The leather jacket has come a long way in the past 70 years. Once a hallmark of rebellion, this rock ‘n’ roll favourite has earned itself a place as one of menswear’s coolest pieces of outerwear. Back in the 1950s it was made famous by the likes of Marlon Brando and James Dean, but today you don’t need to be a chain-smoking biker with a Brylcreem’d pompadour in order to pull one off.
That said, don’t think for a second the leather jacket has lost any of its attitude over the years. It might boast the same level of versatility as a good pair of jeans or well-made boots, but this cowhide classic is still badass through and through.
While it is definitely one of the best clothing purchases you’re ever likely to make, it can also be one of the trickiest. So, before you get yourself leathered up, here’s everything you need to know about fashion’s favourite bad-boy icon.
Picking The Right Style Of Leather Jacket
Not all leather jackets are created equal. Different styles can be better or worse suited to certain wardrobes. Below are the most common types of leather jacket you’re likely to come across, and how you can tell them apart.
If you were to look up the term “leather jacket” in an illustrated encyclopedia, this would most likely be the style pictured. Immortalised by Marlon Brando in the seminal film The Wild One (above), this classic motorcycle jacket features an angled front zipper, wide lapels and plenty of buckles and zips. Best worn with slim black jeans and Chelsea boots.
Of all the leather jacket styles out there, the bomber is probably the most casual. This makes it an excellent entry point for those who perhaps feel a little self-conscious about venturing into the world of leather. Pair it with selvedge denim and white sneakers for a simple everyday outfit.
So-called due to its links to motorcycle racing, the cafe racer is on the more minimal end of the leather jacket style spectrum. Featuring a stand collar, front zip and overall uncluttered design, this clean-cut classic is the perfect accompaniment to wool trousers, knitwear and Derby shoes.
While very similar to the bomber in terms of looks, the flight jacket carries the added bonus of a shearling collar that was originally designed to keep World War II pilots warm when flying at altitude in open cockpits. Be warned though, the addition of thick shearling and a lined inner make it a winter coat first and foremost. If you’re looking for something you can wear all year round you might be better opting for something slightly less bulky.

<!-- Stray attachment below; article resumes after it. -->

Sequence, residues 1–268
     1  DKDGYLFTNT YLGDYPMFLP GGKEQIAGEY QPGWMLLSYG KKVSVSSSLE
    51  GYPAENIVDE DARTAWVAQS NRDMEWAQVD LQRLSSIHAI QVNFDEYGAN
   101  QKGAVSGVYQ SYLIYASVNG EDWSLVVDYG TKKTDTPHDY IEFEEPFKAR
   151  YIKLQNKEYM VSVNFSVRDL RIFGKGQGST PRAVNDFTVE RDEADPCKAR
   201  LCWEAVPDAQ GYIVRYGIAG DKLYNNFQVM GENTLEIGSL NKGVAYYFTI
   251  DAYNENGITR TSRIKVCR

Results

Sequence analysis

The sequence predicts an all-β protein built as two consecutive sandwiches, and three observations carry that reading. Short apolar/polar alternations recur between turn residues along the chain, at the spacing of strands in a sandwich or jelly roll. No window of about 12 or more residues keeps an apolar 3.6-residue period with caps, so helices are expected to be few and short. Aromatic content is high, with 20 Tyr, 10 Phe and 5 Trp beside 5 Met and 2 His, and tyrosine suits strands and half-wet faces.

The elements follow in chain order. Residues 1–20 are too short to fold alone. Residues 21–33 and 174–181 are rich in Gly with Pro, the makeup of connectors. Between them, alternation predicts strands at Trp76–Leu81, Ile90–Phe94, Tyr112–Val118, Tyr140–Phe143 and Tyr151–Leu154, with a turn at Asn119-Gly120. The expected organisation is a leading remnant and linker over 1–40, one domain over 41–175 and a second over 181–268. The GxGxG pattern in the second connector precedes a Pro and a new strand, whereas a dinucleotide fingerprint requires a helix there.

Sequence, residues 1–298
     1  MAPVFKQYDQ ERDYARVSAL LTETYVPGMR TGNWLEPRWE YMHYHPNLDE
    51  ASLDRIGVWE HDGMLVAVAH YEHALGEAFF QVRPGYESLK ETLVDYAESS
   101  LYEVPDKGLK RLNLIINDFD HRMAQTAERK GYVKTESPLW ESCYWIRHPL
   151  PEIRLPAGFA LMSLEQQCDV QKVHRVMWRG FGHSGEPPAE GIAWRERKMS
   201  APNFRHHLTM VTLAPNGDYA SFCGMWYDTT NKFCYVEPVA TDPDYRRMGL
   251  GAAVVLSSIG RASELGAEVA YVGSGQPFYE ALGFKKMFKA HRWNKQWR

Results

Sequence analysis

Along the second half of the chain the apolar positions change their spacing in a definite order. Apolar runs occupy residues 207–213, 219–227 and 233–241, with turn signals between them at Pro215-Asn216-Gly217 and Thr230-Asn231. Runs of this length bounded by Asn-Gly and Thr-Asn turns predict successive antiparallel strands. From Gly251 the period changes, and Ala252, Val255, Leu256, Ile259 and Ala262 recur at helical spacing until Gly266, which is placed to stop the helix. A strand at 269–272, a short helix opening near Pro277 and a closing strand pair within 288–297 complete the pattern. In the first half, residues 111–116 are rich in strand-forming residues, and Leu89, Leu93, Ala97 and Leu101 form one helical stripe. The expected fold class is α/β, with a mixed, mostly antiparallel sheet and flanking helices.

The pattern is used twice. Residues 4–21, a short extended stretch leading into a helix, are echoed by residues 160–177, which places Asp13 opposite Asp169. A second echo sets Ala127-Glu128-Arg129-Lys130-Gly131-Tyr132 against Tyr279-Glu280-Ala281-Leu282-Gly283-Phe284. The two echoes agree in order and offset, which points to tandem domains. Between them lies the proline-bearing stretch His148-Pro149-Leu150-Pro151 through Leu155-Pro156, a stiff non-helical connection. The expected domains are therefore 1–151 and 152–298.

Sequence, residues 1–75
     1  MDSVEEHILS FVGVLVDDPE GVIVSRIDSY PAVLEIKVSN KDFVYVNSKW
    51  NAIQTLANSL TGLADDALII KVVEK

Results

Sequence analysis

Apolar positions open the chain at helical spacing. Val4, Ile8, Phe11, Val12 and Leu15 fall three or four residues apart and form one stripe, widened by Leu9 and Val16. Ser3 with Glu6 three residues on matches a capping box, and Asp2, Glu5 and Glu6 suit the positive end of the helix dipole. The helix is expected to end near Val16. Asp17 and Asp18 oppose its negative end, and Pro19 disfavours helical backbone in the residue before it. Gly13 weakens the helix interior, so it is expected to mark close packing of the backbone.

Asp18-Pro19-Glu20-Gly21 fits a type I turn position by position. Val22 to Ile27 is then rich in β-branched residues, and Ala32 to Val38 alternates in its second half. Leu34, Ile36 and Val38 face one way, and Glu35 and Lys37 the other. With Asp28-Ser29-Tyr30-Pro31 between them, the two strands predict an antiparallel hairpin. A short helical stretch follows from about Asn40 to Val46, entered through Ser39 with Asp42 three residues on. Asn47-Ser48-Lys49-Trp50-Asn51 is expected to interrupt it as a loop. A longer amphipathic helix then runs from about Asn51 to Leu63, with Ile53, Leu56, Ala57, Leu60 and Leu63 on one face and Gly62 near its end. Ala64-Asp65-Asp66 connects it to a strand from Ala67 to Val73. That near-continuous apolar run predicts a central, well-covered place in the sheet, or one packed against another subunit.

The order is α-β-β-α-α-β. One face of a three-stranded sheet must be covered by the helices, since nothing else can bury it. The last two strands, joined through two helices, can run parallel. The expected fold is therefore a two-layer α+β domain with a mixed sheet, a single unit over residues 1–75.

The main difference between the utility or “fatigue” jacket is its increased length and front pockets. It’s a countryside classic and as timeless as it is functional. A laid-back all-rounder that can take you from autumn through to summer and beyond.
Other Purchasing Considerations
Not all leather jackets are, y’know, leather. The material tends to be expensive and is about as vegan-friendly as a ribeye steak, which is why alternatives have been around for a long time. Faux leather jackets let you wear the same iconic styles at a fraction of the prices of real leather and without accusations of animal cruelty. At the high-street end, that usually means poor quality, certainly compared to the real thing, but even at the designer level, synthetic leather jackets come with their own baggage, because they’re usually made from polyurethane.
A more sustainable option is on the horizon: mushroom leather. Known as mycellium, this next-gen fabric is made from the root section of mushrooms and as well as having a similar waxy texture, it’s biodegradable and sustainable. The first products are slowly coming to market but we haven’t yet seen a mushroom biker.
Ok, the archetypal leather jacket usually comes in black, from Marlon Brando right through to The Matrix. It’s classic, goes with almost everything and ages like a dream. But you do have options. Brown is the other obvious choice, with traditional flight jackets and 70s-style blazers holding the colour particularly well.
Less common is tan, which brings a Western vibe, and burgundy, which Tyler Durden made his own. Look hard enough and you’ll also find olive green, wine red, light grey and the odd white leather jacket – but black is a classic for a reason.
Leather jacket styles tend to follow textbook designs, but there are variations on the classics. Take the biker, for example. You can find fairly minimal designs and others that throw in every design detail in the book: zipped cuffs, quilted shoulders, buckled belt and studs on the back. Other designs might carry epaulettes on the shoulders or padded elbows.
Unless you’re an actual motorcyclist, this is all a matter of taste, but in our humble opinion, less is more.